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Clinton urges move away from fee-for-service payment mode



April 11, 2014
Area(s) of Interest: Licensing & Regulatory Issues Professional Development & Education 

Former Secretary of State Hillary Rodham Clinton today addressed 700 physicians, practice managers, medical students and others at the Western Health Care Leadership Academy in San Diego. Delivering the keynote address live via satellite, Secretary Clinton urged the California Medical Association to work with other like-minded organizations to help advance meaningful health care delivery and payment reform, instead of continuing to “rejigger” a broken system.

 

“At some point, we have to move away from fee for service payment for medical care,” said Secretary Clinton. “It is not serving physicians well, or any other health care providers, and I don’t believe it’s serving patients well.”

 

 

Secretary Clinton told attendees that she shares physicians’ frustration with Congress’s inability to make any progress on fixing the current broken payment system. She said she would like to see more systemic reform so that physicians are fully reimbursed for everything that goes into the care of patients. “It is deeply bothersome to me that it is still not accepted that a lot of what constitutes wellness—things that a physician can be promoting with his or her patients—should be reimbursed by Medicare,” Clinton said. “When a physician sits down with a patient and says ‘I’m going to give you a nutrition regimen. I’m going to have my nurse or my PA check in on you to make sure that you’re walking every day.’ These are all things that would keep that patient out of the operating room for a bypass or a stent or some other expensive intervention.”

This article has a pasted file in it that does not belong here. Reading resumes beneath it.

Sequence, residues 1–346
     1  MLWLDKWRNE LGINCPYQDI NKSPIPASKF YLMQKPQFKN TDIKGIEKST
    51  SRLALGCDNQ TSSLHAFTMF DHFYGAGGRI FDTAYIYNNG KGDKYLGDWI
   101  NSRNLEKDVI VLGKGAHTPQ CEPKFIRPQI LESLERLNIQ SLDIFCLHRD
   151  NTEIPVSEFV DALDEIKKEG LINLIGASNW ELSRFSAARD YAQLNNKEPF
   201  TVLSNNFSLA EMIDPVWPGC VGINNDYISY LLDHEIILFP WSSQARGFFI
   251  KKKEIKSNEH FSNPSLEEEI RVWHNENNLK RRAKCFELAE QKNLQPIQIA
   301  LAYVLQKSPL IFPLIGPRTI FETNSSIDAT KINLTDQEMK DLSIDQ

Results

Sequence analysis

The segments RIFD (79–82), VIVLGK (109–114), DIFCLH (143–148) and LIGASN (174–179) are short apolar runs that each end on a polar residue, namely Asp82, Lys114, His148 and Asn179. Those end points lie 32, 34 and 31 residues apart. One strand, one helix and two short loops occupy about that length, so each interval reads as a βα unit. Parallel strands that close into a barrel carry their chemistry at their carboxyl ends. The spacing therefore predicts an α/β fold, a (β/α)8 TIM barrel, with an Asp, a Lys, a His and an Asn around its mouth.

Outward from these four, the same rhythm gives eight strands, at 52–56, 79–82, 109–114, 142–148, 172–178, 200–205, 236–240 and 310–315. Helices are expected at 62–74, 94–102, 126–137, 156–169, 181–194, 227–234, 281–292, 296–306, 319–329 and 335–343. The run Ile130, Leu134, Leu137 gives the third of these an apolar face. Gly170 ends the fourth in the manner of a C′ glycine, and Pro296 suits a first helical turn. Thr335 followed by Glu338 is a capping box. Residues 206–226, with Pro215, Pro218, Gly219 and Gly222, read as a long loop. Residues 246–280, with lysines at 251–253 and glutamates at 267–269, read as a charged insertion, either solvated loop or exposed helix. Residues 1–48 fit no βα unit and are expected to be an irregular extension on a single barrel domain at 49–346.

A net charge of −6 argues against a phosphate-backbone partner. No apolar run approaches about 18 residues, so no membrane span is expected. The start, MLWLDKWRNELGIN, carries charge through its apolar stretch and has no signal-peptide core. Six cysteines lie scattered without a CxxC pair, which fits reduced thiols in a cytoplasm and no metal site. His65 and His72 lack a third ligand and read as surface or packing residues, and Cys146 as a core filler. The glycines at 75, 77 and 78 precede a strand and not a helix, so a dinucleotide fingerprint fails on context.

“We’re never going to resolve the injustice, the unpredictability, the unfairness that unfortunately permeates the current system,” she said. “We need to move away from this very narrow approach to reimbursing physicians.”

 

 

“At some point, I hope we’re going to be able to take a look at the broad base of funding streams, both public and private, that go into funding health care–particularly physicians’ pay—and look more at who the patient is and what the doctor is providing that patient, instead of what the program is and how we can keep trying to put square pegs in a round hole.”

 

 

Secretary Clinton also held up California’s implementation of the Affordable Care Act as a model for the nation. “We’re going to be watching closely what happens in California. Seeing what works, and what doesn’t. States like California, intent on covering more citizens and fostering bold experimentation to improve outcomes and reduce costs, will not only lead the way, but help everyone else find the way.”

 

 

Secretary Clinton also urged all stakeholders to work together to keep pushing for improvements to the health care system. “The transparency called for under the Affordable Care act is going to reveal a lot of information. Some of it may be surprising. And some of it may even be quite troubling,” said Clinton. “But for the first time, we’re going to see information. And everyone will be able to look at the same information. We can then try and figure out ‘Is there a problem that needs to be fixed?’”

 

 

The data collected under the Affordable Care act will, according to Clinton, will allow us to ask questions that will give us much better insight into how we can move towards a more efficient, quality driven health care system.

 

 

“I think this is a great opportunity, if we do it with that kind of open attitude of ‘let’s learn what works, let’s make this better.’ Let’s hear from physicians and nurses and pharmacists, you name it. Everyone come to the table. What do you think needs to be changed?”

 

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